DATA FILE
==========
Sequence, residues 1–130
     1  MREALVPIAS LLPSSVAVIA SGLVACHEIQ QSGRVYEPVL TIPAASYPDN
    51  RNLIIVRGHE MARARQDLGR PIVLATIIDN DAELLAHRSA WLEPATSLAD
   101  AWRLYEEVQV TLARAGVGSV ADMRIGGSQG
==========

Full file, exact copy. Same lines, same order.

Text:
Sequence, residues 1–130
     1  MREALVPIAS LLPSSVAVIA SGLVACHEIQ QSGRVYEPVL TIPAASYPDN
    51  RNLIIVRGHE MARARQDLGR PIVLATIIDN DAELLAHRSA WLEPATSLAD
   101  AWRLYEEVQV TLARAGVGSV ADMRIGGSQG